Yes and no. I have done it by car, not walking. I have done retreats myself in Santiago de Compostela. I was privileged with my brother to celebrate Mass at the altar of the saint (St. James), in the cathedral, just the two of us. I have had the privilege of talking with some of the people who have made the pilgrimage, and they have told me things which are very uplifting.

In a world so secularized, searching always for pleasure, power, etc., they are young people, they are older people who sometimes started (the pilgrimage) more as a vacation and have been renewed spiritually, and it seems the numbers are increasing, with the emphasis on young adults, people from their

late teens to the mid-30s. Having been on several vacations in Santiago, besides being a beautiful place, my experience within thebasilica, even in the midst of large numbers of people, (is that) you can find peace and tranquility and experience something that is difficult to put into words, but that speak of God and His presence.

Historically, the three main places for pilgrims are Jerusalem, Rome and Santiago. For a long time, it (Santiago) was considered like the end of the Earth. People went there for penance, to gain indulgences, searching for something that will give meaning to their lives.

What advice do you have for today’s Catholics, how can they walk with Jesus as his disciples, as pilgrims on a journey of faith in their everyday lives?

I think following Jesus is always a pilgrimage, a journey. The hope is to meet Jesus in a way, you could say, as St. Paul, that it is no longer I, but Jesus living in me. To reach that point, we need to approach Jesus, to imitate his way of acting and thinking, looking at Jesus, how he dealt with God the Father, always in obedience to Him. Even though on occasion it was difficult, like the Passion.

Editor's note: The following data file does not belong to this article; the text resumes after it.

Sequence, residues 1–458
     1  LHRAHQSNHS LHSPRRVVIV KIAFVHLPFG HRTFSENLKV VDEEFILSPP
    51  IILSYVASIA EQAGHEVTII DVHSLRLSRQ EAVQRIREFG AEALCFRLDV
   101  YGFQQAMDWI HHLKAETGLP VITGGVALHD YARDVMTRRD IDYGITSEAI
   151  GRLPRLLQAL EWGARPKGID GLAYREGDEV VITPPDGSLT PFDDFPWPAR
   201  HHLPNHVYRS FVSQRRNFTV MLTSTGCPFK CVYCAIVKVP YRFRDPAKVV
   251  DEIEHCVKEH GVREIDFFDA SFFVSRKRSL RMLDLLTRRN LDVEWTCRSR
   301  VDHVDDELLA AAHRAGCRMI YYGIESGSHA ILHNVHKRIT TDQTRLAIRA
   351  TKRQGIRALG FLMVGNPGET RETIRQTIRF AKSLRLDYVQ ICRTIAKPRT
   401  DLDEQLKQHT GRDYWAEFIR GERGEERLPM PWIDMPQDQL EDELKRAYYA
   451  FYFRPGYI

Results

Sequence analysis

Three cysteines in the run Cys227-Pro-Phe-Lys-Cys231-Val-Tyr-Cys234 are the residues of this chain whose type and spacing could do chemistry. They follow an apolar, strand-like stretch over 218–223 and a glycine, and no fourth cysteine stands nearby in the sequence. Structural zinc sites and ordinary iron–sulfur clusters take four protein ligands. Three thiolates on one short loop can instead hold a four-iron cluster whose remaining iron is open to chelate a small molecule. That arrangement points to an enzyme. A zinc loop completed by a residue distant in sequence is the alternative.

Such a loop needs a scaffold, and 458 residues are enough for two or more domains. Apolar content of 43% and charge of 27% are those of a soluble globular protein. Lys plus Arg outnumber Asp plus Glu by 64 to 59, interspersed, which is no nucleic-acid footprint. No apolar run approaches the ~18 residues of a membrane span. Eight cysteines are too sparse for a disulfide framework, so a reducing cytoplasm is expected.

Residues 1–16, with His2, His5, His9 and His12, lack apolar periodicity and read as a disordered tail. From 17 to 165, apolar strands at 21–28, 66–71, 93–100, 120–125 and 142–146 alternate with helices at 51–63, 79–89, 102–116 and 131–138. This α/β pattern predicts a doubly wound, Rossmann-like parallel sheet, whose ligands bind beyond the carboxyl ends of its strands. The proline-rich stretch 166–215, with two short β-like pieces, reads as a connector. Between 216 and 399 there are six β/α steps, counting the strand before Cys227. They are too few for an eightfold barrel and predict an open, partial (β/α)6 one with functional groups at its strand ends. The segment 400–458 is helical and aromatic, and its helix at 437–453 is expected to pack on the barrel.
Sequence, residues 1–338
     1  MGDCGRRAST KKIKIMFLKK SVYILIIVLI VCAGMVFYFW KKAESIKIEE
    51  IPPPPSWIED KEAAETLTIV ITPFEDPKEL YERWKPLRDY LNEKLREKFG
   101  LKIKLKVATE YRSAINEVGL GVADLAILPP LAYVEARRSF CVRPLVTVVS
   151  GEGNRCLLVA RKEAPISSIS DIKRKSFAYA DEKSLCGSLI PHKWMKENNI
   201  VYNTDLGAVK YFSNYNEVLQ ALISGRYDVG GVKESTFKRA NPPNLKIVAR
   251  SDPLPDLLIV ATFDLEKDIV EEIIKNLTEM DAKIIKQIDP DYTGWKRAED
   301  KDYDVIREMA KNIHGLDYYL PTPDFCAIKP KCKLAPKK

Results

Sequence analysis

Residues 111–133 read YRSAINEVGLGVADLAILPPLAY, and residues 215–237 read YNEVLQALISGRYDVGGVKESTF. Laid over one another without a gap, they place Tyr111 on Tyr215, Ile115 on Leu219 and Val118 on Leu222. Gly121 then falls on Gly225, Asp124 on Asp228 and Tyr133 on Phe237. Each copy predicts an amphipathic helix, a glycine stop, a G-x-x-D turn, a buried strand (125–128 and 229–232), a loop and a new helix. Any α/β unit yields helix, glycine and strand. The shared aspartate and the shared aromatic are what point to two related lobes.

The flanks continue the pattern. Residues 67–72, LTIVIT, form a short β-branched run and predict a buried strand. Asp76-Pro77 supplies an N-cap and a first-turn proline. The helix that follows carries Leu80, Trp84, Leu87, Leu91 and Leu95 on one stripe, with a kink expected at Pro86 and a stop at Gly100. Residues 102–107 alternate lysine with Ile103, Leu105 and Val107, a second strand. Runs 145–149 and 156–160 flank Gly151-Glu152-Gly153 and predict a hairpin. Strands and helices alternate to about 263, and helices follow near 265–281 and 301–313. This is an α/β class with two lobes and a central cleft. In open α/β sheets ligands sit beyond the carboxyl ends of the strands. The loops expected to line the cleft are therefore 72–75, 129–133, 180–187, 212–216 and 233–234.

Also, we need to imitate Jesus, how he treated people, especially the outcast, the poor, the sick, the stranger and the sinner, how Jesus was detached from power and money and fame, as we see in the temptation (in the desert), how he looked at life. He was very much pro-life in the most all-encompassing way. As he mentioned in the Gospel of John, “I came that you might have life and have life to the fullest.”

Also, look at Jesus, how he looked at life and death, without losing hope for the Resurrection (and) the fullness of life. Following Jesus in a journey is challenging. Many times there will be difficulties and temptations and failures, but He will always be at our side, not to prevent us from suffering, but helping us in our sufferings, or suffering with us.